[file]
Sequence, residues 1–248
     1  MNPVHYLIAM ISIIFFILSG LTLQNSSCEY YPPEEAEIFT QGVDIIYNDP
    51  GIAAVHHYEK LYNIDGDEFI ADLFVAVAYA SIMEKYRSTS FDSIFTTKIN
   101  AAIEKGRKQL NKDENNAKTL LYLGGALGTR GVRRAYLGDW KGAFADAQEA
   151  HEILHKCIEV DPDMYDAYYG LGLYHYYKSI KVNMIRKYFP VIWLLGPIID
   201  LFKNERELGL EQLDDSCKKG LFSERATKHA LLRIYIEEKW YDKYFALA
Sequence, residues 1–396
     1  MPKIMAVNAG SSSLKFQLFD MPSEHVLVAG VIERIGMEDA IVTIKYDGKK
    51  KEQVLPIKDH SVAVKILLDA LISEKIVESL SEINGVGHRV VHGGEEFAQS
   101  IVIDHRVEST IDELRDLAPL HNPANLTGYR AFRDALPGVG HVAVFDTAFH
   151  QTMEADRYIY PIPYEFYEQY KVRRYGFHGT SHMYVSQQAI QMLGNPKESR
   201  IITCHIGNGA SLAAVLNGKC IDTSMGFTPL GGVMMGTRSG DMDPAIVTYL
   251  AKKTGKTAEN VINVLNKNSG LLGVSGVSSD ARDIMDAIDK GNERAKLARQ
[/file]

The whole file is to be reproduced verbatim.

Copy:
Sequence, residues 1–248
     1  MNPVHYLIAM ISIIFFILSG LTLQNSSCEY YPPEEAEIFT QGVDIIYNDP
    51  GIAAVHHYEK LYNIDGDEFI ADLFVAVAYA SIMEKYRSTS FDSIFTTKIN
   101  AAIEKGRKQL NKDENNAKTL LYLGGALGTR GVRRAYLGDW KGAFADAQEA
   151  HEILHKCIEV DPDMYDAYYG LGLYHYYKSI KVNMIRKYFP VIWLLGPIID
   201  LFKNERELGL EQLDDSCKKG LFSERATKHA LLRIYIEEKW YDKYFALA
Sequence, residues 1–396
     1  MPKIMAVNAG SSSLKFQLFD MPSEHVLVAG VIERIGMEDA IVTIKYDGKK
    51  KEQVLPIKDH SVAVKILLDA LISEKIVESL SEINGVGHRV VHGGEEFAQS
   101  IVIDHRVEST IDELRDLAPL HNPANLTGYR AFRDALPGVG HVAVFDTAFH
   151  QTMEADRYIY PIPYEFYEQY KVRRYGFHGT SHMYVSQQAI QMLGNPKESR
   201  IITCHIGNGA SLAAVLNGKC IDTSMGFTPL GGVMMGTRSG DMDPAIVTYL
   251  AKKTGKTAEN VINVLNKNSG LLGVSGVSSD ARDIMDAIDK GNERAKLARQ